Think you can eat this massive burger? If so, prizes await

Published: Friday, February 17, 2017 @ 11:30 AM

A Monroe flea market is offering prizes to the person who eats this colossal cheeseburger, stacked high with: three patties (equating to one whole pound of ground beef); slices of Pepper jack, American and Cheddar cheeses; mac and cheese bites; fried pickle slices; fried onions; and nacho cheese sauce all sandwiched between a large hamburger bun that’s then topped with two giant fried onion rings. CONTRIBUTED
A Monroe flea market is offering prizes to the person who eats this colossal cheeseburger, stacked high with: three patties (equating to one whole pound of ground beef); slices of Pepper jack, American and Cheddar cheeses; mac and cheese bites; fried pickle slices; fried onions; and nacho cheese sauce all sandwiched between a large hamburger bun that’s then topped with two giant fried onion rings. CONTRIBUTED

If you’re a lover of cheeseburgers, and a speed-eating contest sounds like something you’d enjoy, then you’ll want to pay a visit to a Monroe flea market this weekend.

The “Say CHEESE Burger” contest is taking place on Sunday, Feb. 19, at Treasure Aisles Flea Market, located just off of I-75 in Monroe.

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At 2:30 p.m., contestants can make their way through a colossal cheeseburger, stacked high with:

  • 3 patties, equating to one whole pound of ground beef
  • slices of spicy Pepper jack, American and Cheddar cheeses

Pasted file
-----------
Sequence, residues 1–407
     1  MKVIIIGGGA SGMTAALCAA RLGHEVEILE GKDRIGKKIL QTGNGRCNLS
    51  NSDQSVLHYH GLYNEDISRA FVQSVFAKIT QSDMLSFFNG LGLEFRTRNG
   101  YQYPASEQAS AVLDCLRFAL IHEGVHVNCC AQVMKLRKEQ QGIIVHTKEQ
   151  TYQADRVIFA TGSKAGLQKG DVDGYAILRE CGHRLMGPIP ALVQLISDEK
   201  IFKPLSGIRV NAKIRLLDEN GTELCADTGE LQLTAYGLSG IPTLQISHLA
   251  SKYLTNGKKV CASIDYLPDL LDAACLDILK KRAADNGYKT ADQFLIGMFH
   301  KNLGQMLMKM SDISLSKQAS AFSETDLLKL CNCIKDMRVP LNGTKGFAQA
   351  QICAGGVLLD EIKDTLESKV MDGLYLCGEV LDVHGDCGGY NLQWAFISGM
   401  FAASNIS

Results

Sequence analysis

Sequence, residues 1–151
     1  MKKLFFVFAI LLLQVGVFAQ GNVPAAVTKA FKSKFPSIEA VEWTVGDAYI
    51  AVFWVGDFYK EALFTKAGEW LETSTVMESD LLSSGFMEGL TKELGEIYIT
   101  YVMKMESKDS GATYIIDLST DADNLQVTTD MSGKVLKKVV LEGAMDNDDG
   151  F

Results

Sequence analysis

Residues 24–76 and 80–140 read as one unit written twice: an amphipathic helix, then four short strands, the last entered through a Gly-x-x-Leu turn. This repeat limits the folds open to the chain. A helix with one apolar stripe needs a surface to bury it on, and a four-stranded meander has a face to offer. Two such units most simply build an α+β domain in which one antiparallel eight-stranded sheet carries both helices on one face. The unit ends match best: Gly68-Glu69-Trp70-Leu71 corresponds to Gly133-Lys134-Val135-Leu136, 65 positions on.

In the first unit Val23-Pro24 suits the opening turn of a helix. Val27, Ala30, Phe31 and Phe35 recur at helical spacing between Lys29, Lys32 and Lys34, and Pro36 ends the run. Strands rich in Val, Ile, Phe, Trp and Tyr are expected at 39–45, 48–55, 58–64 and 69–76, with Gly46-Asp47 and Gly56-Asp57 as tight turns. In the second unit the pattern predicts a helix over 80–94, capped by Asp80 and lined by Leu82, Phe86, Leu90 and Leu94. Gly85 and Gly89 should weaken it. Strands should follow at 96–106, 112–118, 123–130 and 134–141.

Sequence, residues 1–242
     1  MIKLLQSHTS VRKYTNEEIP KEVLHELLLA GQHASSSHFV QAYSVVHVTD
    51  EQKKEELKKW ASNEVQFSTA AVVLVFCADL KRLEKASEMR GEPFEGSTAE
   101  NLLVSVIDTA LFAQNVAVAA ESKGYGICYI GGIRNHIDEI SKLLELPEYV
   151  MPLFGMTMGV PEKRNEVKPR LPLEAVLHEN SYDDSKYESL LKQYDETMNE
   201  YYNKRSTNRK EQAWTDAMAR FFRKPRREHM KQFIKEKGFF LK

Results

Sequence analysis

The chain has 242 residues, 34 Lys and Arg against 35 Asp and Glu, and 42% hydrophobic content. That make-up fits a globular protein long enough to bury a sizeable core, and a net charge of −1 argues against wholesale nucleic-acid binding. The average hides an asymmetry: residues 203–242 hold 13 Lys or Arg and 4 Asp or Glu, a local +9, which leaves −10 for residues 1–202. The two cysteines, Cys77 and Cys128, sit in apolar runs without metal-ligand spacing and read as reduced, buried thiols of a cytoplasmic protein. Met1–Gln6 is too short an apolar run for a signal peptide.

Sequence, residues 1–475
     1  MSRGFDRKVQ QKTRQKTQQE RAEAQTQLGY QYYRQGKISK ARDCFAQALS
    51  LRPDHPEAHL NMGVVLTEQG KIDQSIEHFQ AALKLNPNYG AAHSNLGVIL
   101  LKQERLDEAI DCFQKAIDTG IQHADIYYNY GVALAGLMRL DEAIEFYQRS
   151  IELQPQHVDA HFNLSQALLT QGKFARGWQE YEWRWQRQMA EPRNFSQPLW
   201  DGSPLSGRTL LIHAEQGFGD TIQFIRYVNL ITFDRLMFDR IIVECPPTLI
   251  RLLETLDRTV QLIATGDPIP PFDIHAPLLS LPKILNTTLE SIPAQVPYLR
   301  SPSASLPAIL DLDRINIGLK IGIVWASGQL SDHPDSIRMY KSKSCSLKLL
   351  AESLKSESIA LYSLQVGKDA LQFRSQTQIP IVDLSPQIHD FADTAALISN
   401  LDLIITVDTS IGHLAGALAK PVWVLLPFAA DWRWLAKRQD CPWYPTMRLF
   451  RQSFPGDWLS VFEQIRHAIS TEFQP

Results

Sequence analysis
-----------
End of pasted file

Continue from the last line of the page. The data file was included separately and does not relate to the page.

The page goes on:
• mac and cheese bites
  • fried pickle slices
  • fried onions
  • and a slathering of nacho cheese sauce
  • all sandwiched between a large hamburger bun that’s then topped with two giant fried onion rings

The winner of the contest will be rewarded with $50 worth of “Market Bucks,” a “Say CHEESE burger” T-shirt and a 30-day free gym membership to Anytime Fitness.

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You’ll also get to have your photo displayed on the “Say Cheese” challenge wall.

Think you have what it takes? Register here

Trump’s plan in Afghanistan: What time, what channel, is it livestreamed?

Published: Monday, August 21, 2017 @ 5:51 PM

Afghan National Army soldiers stand guard at a checkpoint on the outskirts of Kabul, Afghanistan, Monday, Aug. 21, 2017. President Donald Trump is planning to deliver his first formal address to the nation since taking office Monday as he reveals to the nation his strategy for the war in Afghanistan. (AP Photo/Rahmat Gul)